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Herriman Journal

Real Salt Lake Academy High School outstanding graduate: From failing to flourishing

Jun 28, 2021 10:45AM ● By Jet Burnham

By Jet Burnham | [email protected]

Stone Lopez is graduating from Real Salt Lake Academy High School. But he almost didn’t.

“When he came to us in ninth grade, he did not look like he was ever going to get to graduation,” RSLAHS English teacher Janice Randall said. “But he actually is graduating this year and managed to take an AP class in the mix. He passed the English AP class, which is a huge achievement coming from someone who failed pretty much all his ninth grade classes. It's a real success story for him.”

During his junior year, Lopez committed to doing better in school and started making up the credits from his freshman and sophomore years.

His senior year has been a stark contrast to his freshman year.

“Last term I got above a three point [GPA], a 3.3,” he said. “That's definitely something that I was very proud of. I didn't ever think that would ever happen.”

He also got to play in a couple of varsity games and was named Player of the Match in one of them.

“He loves sports but he couldn't play for the first few years because he didn't have the grades,” Randall said. “He was determined to play sports in 12th grade before he left high school.”

During his senior year, Lopez played volleyball, basketball and soccer for RSLAHS.

“My first two years, I just sat and watched everyone play,” he said. “In 10th grade, after I didn't get the grades to play soccer. I was just like, ‘maybe I should just drop out and start working and save money.’”

But he didn’t want to disappoint his family, friends and teachers, who were giving him so much support and encouragement.

“We just kept saying, ‘You can do this, you can do this,’ and eventually he realized that, ‘Oh, hold on, I can do this,’” Randall said. “It was still a struggle, but he's realized that people will work with him if he puts his heart and soul into it.”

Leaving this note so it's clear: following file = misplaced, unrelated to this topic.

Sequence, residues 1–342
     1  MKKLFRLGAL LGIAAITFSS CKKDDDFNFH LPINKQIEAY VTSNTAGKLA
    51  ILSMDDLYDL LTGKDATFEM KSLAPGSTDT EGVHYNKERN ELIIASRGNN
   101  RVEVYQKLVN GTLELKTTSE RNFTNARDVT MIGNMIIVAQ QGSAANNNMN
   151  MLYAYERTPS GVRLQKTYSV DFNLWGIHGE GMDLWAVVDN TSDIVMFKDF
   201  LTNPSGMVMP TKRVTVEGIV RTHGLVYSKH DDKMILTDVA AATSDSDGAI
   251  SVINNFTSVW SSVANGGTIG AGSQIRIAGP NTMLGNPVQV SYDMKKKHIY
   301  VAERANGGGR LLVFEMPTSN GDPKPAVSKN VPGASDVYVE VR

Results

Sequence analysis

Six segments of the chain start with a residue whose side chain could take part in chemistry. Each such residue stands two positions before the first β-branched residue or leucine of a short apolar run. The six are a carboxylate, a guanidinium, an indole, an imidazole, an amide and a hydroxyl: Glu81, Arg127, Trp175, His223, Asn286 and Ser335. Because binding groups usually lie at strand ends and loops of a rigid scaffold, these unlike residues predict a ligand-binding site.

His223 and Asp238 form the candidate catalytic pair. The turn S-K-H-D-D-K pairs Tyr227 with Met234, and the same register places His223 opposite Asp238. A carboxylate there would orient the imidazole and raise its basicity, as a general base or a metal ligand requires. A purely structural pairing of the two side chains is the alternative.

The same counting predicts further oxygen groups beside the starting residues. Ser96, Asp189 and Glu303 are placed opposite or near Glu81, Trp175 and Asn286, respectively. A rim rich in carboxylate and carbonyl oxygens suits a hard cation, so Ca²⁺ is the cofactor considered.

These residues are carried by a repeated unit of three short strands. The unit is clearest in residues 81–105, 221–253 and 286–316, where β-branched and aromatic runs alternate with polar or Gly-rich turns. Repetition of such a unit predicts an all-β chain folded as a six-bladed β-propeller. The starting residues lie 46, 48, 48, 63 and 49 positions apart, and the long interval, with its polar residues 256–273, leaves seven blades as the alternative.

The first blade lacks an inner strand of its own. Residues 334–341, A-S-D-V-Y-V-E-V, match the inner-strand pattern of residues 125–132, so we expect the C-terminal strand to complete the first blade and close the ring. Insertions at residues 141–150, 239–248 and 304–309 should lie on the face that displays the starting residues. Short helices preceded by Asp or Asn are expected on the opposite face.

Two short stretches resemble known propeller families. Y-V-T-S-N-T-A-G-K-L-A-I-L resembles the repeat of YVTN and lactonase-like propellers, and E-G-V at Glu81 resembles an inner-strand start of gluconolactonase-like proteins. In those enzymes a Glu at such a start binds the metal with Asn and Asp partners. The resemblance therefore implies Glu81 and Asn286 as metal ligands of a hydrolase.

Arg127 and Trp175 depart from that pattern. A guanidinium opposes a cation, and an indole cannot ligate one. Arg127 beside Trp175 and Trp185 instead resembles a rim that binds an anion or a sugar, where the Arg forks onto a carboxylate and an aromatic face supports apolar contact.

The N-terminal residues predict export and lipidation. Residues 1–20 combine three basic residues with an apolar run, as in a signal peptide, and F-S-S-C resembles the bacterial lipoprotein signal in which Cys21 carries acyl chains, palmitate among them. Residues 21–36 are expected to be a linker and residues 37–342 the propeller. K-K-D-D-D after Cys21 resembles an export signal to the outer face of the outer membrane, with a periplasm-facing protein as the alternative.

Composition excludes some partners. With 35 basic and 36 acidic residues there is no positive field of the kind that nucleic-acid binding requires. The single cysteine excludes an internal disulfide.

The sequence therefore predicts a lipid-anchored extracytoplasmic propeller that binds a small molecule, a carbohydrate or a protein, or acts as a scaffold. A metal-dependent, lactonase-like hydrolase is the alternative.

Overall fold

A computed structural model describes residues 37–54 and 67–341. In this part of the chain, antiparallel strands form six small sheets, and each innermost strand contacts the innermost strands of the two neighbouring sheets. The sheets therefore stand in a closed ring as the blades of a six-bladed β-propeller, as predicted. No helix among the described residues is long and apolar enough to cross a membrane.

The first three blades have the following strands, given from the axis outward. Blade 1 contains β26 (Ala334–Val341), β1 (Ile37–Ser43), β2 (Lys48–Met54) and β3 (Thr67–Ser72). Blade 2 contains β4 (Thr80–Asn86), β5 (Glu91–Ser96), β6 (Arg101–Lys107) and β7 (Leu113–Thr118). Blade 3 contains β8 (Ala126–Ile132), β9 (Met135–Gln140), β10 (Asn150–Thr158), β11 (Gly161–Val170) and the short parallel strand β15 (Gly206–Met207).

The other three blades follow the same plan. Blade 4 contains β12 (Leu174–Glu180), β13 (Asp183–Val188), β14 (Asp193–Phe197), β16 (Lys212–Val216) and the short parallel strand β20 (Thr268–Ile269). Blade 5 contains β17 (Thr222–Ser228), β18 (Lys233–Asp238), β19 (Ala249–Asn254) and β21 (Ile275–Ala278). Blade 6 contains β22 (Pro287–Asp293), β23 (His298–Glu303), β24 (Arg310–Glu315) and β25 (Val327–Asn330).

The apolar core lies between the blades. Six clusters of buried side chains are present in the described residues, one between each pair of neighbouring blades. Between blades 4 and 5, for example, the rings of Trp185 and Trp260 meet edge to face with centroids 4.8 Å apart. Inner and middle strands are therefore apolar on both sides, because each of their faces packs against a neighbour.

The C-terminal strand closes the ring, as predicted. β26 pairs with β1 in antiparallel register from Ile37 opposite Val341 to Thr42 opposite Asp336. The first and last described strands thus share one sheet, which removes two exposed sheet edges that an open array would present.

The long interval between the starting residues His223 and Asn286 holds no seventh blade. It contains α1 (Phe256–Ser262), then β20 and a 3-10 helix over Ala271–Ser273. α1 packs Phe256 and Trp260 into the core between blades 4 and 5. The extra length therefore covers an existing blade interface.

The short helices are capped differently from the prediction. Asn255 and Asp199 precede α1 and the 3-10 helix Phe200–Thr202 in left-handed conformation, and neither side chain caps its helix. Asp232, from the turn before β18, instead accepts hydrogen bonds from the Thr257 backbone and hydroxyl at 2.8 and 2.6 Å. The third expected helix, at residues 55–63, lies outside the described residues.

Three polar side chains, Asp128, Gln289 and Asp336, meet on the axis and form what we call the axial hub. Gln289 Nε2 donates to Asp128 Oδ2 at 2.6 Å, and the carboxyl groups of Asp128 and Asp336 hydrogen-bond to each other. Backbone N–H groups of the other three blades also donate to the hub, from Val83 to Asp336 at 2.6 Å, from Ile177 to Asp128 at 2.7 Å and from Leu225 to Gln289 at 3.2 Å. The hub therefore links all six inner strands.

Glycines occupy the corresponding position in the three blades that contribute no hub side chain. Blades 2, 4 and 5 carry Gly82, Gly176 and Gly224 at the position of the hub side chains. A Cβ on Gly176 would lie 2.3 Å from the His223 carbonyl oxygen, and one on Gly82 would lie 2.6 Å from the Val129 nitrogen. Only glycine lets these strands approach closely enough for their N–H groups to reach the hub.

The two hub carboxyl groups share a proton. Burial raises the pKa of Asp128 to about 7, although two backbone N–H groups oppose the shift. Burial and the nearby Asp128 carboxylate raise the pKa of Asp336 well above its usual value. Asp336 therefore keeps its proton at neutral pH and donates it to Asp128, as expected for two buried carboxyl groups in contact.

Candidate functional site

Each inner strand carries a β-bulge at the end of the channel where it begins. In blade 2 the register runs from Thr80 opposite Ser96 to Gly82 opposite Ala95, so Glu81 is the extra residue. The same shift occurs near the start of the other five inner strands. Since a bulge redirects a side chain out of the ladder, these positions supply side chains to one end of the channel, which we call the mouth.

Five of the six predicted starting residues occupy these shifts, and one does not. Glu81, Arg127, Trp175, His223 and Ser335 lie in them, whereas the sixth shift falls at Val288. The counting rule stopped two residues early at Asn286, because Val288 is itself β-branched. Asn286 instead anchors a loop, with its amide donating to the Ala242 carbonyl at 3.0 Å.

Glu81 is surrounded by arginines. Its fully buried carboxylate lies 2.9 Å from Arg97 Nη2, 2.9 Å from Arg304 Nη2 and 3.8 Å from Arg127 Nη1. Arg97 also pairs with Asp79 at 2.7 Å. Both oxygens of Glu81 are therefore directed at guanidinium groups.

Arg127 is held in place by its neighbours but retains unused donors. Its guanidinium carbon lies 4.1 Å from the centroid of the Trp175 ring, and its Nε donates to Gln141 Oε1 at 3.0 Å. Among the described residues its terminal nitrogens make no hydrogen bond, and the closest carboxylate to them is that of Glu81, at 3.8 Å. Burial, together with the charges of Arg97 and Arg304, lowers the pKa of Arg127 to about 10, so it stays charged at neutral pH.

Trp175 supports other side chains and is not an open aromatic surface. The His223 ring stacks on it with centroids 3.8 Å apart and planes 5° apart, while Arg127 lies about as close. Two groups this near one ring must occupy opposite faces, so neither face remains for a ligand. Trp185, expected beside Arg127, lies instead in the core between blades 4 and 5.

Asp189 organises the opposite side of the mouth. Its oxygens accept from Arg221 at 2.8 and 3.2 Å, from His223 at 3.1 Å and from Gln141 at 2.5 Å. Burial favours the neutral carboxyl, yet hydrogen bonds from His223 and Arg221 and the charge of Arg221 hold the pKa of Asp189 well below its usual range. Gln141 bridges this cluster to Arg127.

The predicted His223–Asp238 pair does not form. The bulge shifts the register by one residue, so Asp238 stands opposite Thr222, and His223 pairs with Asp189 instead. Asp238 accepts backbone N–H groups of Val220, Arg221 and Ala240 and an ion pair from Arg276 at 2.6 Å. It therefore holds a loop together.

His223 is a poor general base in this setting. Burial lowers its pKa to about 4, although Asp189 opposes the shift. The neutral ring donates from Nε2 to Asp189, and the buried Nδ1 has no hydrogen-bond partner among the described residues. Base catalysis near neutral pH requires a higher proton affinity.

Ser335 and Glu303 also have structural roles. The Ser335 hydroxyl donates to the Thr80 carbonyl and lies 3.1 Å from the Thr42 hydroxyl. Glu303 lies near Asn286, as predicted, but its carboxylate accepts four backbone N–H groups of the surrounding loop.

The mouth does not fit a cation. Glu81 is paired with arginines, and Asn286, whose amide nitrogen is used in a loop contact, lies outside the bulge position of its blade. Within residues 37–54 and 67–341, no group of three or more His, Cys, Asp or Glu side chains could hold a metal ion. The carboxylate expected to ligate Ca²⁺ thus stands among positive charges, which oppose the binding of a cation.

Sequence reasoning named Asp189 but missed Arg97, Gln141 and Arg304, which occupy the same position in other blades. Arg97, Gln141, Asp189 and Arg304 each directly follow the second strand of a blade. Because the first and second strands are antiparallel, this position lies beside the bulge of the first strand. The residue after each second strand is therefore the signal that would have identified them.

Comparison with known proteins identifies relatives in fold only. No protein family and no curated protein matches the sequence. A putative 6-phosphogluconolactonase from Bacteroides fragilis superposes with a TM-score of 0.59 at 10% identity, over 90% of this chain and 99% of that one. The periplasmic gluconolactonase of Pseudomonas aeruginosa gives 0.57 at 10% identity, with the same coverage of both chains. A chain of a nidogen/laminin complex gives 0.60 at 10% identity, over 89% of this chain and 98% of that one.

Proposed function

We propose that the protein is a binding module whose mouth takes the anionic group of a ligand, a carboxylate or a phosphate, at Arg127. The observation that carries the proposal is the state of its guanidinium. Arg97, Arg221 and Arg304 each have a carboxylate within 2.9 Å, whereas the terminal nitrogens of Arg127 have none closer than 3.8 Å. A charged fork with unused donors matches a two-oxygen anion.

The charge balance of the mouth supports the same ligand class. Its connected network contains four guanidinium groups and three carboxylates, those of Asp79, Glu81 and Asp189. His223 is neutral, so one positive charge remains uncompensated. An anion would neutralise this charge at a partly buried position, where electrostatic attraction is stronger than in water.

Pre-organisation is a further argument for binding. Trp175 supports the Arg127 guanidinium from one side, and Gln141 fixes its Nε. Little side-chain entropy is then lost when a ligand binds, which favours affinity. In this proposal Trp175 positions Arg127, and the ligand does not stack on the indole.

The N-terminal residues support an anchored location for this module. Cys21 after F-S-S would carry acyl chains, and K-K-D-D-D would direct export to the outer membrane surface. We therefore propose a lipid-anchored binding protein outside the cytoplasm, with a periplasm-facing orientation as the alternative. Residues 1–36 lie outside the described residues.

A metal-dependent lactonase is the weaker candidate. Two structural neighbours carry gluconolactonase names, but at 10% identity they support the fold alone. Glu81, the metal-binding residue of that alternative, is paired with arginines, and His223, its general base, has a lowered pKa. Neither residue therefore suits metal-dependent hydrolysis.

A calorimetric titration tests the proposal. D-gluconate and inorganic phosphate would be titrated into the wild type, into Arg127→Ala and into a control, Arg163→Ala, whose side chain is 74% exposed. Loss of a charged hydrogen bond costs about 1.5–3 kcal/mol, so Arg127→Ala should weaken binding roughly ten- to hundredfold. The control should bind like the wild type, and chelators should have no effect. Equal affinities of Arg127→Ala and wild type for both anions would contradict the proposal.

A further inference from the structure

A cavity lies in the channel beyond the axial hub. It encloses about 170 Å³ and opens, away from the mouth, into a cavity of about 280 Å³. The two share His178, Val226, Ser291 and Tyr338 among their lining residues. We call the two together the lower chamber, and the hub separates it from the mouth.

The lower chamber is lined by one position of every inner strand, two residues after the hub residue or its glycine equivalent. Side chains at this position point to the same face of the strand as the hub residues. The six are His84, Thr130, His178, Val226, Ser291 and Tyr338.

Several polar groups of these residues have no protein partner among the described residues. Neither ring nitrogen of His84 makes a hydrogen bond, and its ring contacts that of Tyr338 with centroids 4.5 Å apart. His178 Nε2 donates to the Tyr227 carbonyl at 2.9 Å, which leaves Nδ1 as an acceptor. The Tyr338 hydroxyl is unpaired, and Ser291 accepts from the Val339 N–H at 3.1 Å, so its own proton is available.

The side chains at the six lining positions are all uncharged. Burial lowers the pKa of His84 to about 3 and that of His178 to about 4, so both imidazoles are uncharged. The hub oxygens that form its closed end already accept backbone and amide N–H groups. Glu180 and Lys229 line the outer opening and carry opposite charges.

Lopez was amazed by his teachers’ support.

“The teachers here, they just want to help everyone,” he said. “You ask them for help and they'll help you. That's what's so nice about having been in a small school.”

Randall believes Lopez would have fallen through the cracks in a larger school.

“We do develop relationships with the kids that often, I think, do help them do better than they might elsewhere,” she said.

Lopez said his family has always encouraged him to do better in school.

“My dad didn't graduate and he always told me that one of the worst things was seeing all his friends graduating, and not doing it, so that motivated me,” he said. “And I’m just wanting to have a better life than just being a dropout.”

Lopez’s advice to students who are falling behind is to get caught up quickly.

“Don't sit on your butt and play video games like I did,” he said. “If you just do it when you're supposed to, it's a lot easier.”

Lopez is headed to Dixie State University to major in business.

Randall, who has been teaching for 37 years, is excited for the future Lopez has created for himself.

“You really want to see them succeed but you can't do it for them,” she said. “And you hope and hope they'll find it within themselves, and when they do, it's the best feeling.”

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